Marlin Games
Linda Wright
1988
Adventure: Text
£4.50
English
ZX Spectrum 128K
None

111,112
Chris Bourne

The title conjures up visions of evil and the much-used demonic 666 theme, and although The Beast is not concerned with the occult, the mysterious goings-on it details in a village have a distinctly sinister flavour.

This homegrown, PAWed adventure spins a yarn based roughly on the recent perplexing case of The Beast Of Exmoor. You are a bored reporter working on the rag, The Lowsea Gazette and are hassled to a great extent by your grouchy editor (sounds familiar), Mr C D Slime (geddit?!). He is also fed up with the run-of-the-mill reports on what the local Women's Institute is up to, and wants a really big story to splash all over the front page (sounds a bit like the Ludlow Liar to me - Ed). Well, this seems an impossible task; after all, nothing ever happens in this quiet part of the world, or does it?

An envelope is lying on your desk, containing a letter from one Rose Myrtle, who tells of strange happenings on the moors near the village of Puddlecombe. A strange black animal has been sighted and one of the local farmer's sheep has been mauled to death.

At last you have a decent story to investigate and soon set off on the bus to Puddlecombe (your stingy editor won't give you a company car). Arriving in the middle of the village, a suitably rustic atmosphere is soon created by the verbose, but not waffling, descriptions of the local shops - there's even an estate agent (remarkable for such a tiny village). You are immediately greeted by the Ranger, who spontaneously tells you that all these Beast rumours are pure nonsense.

It is at this point that it becomes apparent that to successfully track down the elusive Beast (if it exists), you must use all your powers of investigative journalism. By asking questions of the various colourful characters who inhabit the village (in the form of ASK someone ABOUT something), a picture of the recent, curious events is built up.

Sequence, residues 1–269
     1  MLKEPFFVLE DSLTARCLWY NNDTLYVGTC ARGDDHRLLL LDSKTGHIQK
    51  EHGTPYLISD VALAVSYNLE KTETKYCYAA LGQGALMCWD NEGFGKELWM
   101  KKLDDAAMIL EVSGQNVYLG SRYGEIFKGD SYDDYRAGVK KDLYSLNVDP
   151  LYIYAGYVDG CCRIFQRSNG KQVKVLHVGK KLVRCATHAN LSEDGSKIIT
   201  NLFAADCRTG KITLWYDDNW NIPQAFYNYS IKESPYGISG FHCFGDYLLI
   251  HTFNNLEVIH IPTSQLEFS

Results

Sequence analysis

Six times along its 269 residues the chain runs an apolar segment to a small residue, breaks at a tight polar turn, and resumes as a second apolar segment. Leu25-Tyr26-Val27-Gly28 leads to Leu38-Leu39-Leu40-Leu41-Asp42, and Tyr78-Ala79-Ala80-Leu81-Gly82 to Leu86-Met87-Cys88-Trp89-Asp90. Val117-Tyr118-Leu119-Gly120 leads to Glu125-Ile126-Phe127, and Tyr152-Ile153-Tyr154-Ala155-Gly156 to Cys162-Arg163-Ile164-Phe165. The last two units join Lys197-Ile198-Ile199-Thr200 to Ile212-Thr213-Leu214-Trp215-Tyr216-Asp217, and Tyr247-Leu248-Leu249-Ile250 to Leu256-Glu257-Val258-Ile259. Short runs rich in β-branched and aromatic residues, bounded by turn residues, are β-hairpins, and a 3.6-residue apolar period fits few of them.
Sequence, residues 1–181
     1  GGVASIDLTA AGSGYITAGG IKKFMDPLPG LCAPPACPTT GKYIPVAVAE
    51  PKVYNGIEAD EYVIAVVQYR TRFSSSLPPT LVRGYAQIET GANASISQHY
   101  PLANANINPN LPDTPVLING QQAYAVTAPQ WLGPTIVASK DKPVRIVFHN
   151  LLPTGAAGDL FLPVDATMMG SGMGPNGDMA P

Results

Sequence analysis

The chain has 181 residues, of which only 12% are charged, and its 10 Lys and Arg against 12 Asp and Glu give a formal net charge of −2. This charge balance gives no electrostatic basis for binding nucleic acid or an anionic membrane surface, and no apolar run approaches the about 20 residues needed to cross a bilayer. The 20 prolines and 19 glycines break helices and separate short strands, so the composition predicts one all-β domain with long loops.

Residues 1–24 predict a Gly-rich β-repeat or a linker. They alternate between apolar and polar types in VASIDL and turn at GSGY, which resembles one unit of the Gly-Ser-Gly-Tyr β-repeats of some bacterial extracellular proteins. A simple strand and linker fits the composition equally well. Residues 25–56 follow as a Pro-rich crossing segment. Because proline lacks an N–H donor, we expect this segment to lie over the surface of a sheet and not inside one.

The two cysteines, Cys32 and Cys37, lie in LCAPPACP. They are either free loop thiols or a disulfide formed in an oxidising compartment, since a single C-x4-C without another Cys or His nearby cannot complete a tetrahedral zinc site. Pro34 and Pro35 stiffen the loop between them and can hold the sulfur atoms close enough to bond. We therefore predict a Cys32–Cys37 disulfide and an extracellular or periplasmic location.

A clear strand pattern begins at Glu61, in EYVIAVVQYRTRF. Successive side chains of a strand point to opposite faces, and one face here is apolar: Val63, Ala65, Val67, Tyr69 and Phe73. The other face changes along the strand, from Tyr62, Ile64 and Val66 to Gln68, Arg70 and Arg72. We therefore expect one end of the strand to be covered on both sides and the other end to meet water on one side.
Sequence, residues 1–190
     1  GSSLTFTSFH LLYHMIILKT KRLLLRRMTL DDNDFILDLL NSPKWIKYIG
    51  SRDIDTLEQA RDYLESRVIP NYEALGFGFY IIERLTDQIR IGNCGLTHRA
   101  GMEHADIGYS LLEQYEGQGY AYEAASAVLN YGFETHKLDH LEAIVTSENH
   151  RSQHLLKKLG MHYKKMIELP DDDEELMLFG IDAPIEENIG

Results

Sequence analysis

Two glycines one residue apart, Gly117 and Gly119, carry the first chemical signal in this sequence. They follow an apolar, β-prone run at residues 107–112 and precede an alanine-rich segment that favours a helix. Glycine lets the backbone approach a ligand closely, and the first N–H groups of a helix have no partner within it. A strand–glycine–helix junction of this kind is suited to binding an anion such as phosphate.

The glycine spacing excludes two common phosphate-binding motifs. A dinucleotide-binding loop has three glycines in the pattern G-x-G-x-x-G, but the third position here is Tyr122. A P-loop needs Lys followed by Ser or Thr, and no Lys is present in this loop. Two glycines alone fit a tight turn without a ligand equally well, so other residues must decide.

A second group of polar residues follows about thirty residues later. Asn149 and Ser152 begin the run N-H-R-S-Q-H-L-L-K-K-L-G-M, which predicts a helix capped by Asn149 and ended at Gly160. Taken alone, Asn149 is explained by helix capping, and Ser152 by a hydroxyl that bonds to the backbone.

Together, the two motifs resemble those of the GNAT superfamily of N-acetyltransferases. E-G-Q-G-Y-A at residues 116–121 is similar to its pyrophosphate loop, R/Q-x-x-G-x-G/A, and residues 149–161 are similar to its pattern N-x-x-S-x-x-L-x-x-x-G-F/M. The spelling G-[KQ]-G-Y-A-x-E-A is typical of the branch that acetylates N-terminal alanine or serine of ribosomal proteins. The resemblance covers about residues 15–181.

And apart from listening to the local people's gossip, more conventional adventuring techniques are used to find clues in typical Agatha Christie style, bringing an air of suspense to the proceedings. Virtually all objects may be examined so the ability to abbreviate the EXAMINE command to X saves much typing. Conveniently, the many objects collected can be put in your pocket or in one of two containers which can be found; this reduces the number of objects carried allowing you to effectively hold more things simultaneously.

As well as the shops and businesses in the high street, which include the obligatory pub (the barman is only too happy to help you with your inquiries and sell you a pint of beer!), the 'tiny' village also contains its own church, scout hall, church hall and all the homes of the many characters - these can only be entered on invitation (you're not one of those devious tabloid journalists, or an even more unscrupulous CRASH writer!). Access to businesses is also restricted to their respective opening hours, while the veterinary surgeon won't see you unless you've brought along a pet!

There is just so much to do and find out in this enchanting village, before you're ready to tackle the utter contrast of the damp, depressing moor where the Beast is rumoured to be lurking. The loquacious (LMLWD) characters don't just stay in the same location either - they wander around the place, adding even more realism to the totally engrossing plot.

If all this sounds a bit too creepy, the dark mood of the excellent scenario is marginally lightened by the odd bit of acidic humour, but not so much as to ruin the excellent, menacing aura. Surprisingly, hardly any use is made of the PAW's excellent graphics facilities, although a few ill-drawn pictures might have ruined the atmosphere, as well as wasting valuable memory. Nevertheless, the presentation is very neat with a legible, redefined character set and a Rainbird-style location title at the top of the screen, also displaying a clock - every action uses up a minute. This increases the difficulty of what is already a tough adventure, but the inclusion of a option aids progress.

The Beast represents a achievement in homegrown adventures, bringing together the sophistication of the PAW parser and an intricately woven plot to produce an interactive adventure of a very high quality indeed. It is available direct from the author.

CRITICISM

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